Climb Safe: Knot Passing 101
Rappelling past a knot that links two ropes end-to-end, however, need not puzzle you, nor must you learn this seemingly complicated yet vital bit of ropework the hard way. The following five-step method for passing a knot is easy to master, safe and efficient.
Rappelling past a knot that links two ropes end-to-end, need not puzzle you, nor must you learn this seemingly complicated yet vital bit of ropework the hard way. The following five-step method for passing a knot is easy to master, safe and efficient. It does assume that you have two ascenders and are using one on the rope above your rappel device, as a back-up, held with the cam thumbed open by your “guide”hand. (For more on rappel back-ups, see Rock and Ice No. 136.) Though prusiks can substitute for ascenders, they are much harder to operate.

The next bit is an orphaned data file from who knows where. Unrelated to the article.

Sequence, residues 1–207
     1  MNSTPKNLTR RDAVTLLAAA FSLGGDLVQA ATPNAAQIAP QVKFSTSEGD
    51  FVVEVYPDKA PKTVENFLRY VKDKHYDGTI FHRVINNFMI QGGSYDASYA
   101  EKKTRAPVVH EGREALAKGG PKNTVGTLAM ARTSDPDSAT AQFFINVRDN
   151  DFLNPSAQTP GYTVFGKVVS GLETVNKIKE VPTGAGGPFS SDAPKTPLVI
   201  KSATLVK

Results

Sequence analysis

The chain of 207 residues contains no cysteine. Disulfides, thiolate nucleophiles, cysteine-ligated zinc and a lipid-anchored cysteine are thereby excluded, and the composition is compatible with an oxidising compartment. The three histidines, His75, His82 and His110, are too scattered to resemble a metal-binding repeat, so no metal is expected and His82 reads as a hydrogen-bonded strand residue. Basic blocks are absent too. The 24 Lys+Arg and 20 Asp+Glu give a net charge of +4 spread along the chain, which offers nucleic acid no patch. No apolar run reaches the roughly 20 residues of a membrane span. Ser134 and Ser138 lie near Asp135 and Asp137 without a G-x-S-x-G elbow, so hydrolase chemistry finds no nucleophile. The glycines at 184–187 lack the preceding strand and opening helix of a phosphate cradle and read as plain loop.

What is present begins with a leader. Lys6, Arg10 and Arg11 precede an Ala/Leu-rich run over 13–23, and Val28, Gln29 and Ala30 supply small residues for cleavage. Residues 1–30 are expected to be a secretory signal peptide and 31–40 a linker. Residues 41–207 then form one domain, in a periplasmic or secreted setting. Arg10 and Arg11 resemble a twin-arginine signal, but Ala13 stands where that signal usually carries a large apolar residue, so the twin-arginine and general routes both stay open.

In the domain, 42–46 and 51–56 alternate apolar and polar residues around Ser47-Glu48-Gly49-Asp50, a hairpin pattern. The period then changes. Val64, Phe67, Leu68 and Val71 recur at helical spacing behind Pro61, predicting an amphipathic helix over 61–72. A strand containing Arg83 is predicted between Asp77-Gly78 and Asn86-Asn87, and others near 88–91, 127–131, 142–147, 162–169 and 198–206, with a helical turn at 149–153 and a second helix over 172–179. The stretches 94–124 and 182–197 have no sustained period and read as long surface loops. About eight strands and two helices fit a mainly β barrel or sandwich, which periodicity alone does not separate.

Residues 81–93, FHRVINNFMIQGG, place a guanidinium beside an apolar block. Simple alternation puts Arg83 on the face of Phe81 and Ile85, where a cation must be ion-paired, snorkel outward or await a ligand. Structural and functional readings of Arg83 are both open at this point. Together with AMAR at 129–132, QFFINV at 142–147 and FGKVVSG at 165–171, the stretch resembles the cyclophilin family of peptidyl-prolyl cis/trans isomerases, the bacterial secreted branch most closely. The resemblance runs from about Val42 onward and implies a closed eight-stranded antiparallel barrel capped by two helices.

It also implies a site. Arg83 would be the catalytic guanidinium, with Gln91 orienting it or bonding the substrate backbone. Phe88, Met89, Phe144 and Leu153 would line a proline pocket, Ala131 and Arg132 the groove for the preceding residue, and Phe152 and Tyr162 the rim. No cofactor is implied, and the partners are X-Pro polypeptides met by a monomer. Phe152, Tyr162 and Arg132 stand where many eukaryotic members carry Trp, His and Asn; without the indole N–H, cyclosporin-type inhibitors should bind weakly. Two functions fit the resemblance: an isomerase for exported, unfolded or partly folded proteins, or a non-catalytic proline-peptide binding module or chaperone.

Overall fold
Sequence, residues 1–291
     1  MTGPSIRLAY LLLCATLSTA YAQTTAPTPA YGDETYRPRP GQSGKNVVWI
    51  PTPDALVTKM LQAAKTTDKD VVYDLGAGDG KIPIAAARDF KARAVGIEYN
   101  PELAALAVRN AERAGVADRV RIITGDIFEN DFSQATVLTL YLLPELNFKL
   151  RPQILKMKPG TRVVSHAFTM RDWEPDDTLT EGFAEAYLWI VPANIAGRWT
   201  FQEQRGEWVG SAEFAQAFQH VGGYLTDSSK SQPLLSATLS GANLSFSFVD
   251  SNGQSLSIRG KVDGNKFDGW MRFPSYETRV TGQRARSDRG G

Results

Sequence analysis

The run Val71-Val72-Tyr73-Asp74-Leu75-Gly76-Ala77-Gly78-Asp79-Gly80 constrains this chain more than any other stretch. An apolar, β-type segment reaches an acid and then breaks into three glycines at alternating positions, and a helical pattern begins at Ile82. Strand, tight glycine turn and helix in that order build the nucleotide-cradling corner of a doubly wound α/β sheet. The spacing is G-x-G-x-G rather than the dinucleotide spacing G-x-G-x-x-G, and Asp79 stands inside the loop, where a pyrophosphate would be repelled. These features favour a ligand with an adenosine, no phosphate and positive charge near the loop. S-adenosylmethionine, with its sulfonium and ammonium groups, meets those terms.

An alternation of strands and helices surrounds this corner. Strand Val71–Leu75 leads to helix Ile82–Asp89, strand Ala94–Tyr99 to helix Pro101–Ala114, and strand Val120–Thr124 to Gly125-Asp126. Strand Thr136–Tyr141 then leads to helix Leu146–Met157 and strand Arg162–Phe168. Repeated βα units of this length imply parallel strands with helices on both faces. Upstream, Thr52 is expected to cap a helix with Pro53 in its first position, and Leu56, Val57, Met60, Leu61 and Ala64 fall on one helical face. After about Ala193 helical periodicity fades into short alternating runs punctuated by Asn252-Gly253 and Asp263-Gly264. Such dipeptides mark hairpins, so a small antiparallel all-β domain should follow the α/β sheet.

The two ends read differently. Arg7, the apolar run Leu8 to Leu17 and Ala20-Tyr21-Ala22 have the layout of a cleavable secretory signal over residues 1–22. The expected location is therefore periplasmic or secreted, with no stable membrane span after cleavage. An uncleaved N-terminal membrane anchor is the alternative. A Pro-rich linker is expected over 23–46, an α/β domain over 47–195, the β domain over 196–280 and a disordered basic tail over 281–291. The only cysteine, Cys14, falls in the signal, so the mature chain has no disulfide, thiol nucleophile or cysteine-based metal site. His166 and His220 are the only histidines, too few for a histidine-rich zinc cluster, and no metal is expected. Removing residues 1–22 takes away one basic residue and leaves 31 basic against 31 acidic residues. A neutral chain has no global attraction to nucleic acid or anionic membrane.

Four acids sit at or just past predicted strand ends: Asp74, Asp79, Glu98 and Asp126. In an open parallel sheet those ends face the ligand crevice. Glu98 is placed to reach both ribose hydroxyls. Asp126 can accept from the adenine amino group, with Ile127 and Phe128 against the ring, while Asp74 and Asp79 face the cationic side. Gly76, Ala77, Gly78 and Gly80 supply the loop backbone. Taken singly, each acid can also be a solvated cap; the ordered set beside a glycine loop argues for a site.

Since you are most likely to pass knots in a big-wall situation, where ascenders are necessary and standard gear, we’ve used ascenders to demonstrate the five steps. Regardless of whether you use ascenders or prusiks, connect them to your harness by girth-hitching a sling or daisy chain through your belay/rappel loop before you begin the rappel. Clip the sling or daisy to each ascender or prusik with a locking carabiner, or two standard biners with their gates opposed and reversed.
You don’t have to have an apple konk you on the head to realize that as climbers our greatest enemy is gravity, and that gravity’s minion is weight. Defeating gravity by getting lighter, both in terms of ourselves and our gear, is in fact one of our favorite pastimes.read more
Pity the double-loop bowline—it’s getting a terrible rap. In its defense, the double-loop bowline—the only knot that is truly easy to untie after a fall—has worked flawlessly millions of times for climbers and sailors worldwide. Yet, if the knot is causing accidents, maybe we should rethink it. Let’s examine.read more